Daily pill ‘combo’ prevents HIV transmission: New African study

According two studies in Africa, taking a daily pill containing either one or two anti-HIV drugs can reduce transmission of the virus by as much as three-quarters among heterosexual couples. This is an encouraging finding that could help focus on AIDS prevention. The results were so compelling that the larger study was halted early and the drugs given to all the participants, researchers said Wednesday.

Termed as “Partners pre-exposure prophylaxis” it could be the best thing since a vaccine is not yet available say experts. Mitchell Warren, executive director of the New York-based AIDS Vaccine Advocacy Coalition said the findings “are two more nails in the coffin of HIV.” “We are seeing similar results in different populations, and that gives us more certainty that these results are real,” he added.

A study of gay men reported in November showed that one of the drugs in the new trial could reduce the spread of HIV by as much as 70% when taken regularly by uninfected individuals. But a study released this year found that the drugs did not show a similar benefit among uninfected heterosexual women. The strength of the new findings suggests that the study involving women may have been flawed. “Our results provide clear evidence that this works in heterosexuals,” said Dr. Jared Baeten of the University of Washington, co-chair of the new study.

Kevin Frost, chief executive of amfAR, the Foundation for AIDS Research said a study released last July found that microbicides could sharply reduce HIV transmission in women and a study in HIV-positive people showed that treating the infected person intensively could reduce transmission by as much as 96%. Given those and other developments, “we find ourselves in a place where we have an extraordinary opportunity to radically alter the trajectory of the epidemic,” Frost said. “The science is in place. We could do it with the tools we have available. It's no longer a question of, can we do this? The question is, will we do it?”

One trial called “Partners PrEP” enrolled 4,758 couples in Kenya and Uganda in which one partner was HIV-positive and the other was not. A third of the uninfected participants received a daily pill containing tenofovir, a third received a daily pill containing tenofovir in combination with emtricitabine, and a third received a placebo or dummy. All couples also received condoms and counseling about how to prevent infection.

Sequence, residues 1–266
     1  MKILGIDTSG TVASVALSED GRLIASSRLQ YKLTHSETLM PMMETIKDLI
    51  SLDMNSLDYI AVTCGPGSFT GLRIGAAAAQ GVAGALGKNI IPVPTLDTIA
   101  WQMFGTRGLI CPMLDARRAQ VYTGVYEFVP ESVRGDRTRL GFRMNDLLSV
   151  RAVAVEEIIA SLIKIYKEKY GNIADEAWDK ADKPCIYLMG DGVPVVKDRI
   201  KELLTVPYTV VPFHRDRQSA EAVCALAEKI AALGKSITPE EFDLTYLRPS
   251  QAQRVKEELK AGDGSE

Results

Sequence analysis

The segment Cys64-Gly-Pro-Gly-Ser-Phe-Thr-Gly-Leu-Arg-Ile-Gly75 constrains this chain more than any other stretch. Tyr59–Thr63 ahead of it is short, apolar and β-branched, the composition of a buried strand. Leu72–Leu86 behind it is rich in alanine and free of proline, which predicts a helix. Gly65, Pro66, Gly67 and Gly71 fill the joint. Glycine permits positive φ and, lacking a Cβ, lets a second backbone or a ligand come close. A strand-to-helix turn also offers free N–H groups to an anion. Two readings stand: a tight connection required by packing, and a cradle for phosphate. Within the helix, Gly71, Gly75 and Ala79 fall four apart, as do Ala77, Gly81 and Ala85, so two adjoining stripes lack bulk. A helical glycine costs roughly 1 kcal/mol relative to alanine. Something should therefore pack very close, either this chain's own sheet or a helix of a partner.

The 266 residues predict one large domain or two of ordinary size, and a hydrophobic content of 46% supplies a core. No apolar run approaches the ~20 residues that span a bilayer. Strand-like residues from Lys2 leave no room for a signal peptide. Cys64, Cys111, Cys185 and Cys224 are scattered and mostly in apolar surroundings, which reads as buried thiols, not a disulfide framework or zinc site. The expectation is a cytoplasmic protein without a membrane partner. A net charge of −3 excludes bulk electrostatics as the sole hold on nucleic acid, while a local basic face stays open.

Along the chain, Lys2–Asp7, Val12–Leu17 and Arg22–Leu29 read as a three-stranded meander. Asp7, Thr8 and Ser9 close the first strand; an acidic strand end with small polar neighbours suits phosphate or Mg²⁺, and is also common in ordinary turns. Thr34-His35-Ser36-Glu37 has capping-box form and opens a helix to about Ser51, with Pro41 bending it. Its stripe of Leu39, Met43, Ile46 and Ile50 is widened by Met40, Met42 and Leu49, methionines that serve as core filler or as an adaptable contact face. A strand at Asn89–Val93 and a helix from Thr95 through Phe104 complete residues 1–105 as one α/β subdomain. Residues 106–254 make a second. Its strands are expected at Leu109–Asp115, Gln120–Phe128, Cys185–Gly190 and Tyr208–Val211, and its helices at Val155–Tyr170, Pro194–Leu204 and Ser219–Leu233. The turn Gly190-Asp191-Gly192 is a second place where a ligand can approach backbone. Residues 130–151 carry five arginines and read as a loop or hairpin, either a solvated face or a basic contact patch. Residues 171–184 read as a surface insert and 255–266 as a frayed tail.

Tenofovir is marketed as Viread and the two-drug combination as Truvada by Gilead Sciences Inc. of Foster City, Calif. They are available generically in many countries for as little as 25 cents per pill, according to the World Health Organization.

By the end of May, researchers had identified 18 new infections among the group receiving Viread, 13 among those receiving Truvada and 47 among those receiving the placebo. That corresponds to a 62% reduction in transmission among those receiving Viread and a 73% reduction among those receiving Truvada.

The second trial called TDF2, sponsored by the U.S. Centers for Disease Control and Prevention, studied 1,200 healthy, sexually active males and females in Botswana. About half received Truvada and half a placebo. Among the 601 participants who took Truvada, there were nine new infections, compared with 24 among the 599 who received placebo. That amounts to a 62.6% reduction in new infections. Among those participants who took the drugs regularly, researchers observed an even greater reduction — 77.9% — in new infections.

No significant side effects were observed in either trial. “The perception is that these drugs are really toxic,” said Dr. Thomas J. Coates, an infectious diseases specialist at UCLA's Geffen School of Medicine. “They are not. The current generation is really quite safe.”

The new results are scheduled to be presented next week at the 6th International AIDS Society Conference on HIV Pathogenesis, Treatment and Prevention in Rome, but were released early.

Dr. Robert M. Grant of UC San Francisco's Gladstone Institute of Virology and Immunology speculated that the drugs might work even better in the United States than they did in Africa. People in this country “are more accustomed to using pills for prevention,” he noted, and thus more likely to take the drugs regularly.

Dr. Ananya Mandal

Written by

Dr. Ananya Mandal

Dr. Ananya Mandal is a doctor by profession, lecturer by vocation and a medical writer by passion. She specialized in Clinical Pharmacology after her bachelor's (MBBS). For her, health communication is not just writing complicated reviews for professionals but making medical knowledge understandable and available to the general public as well.

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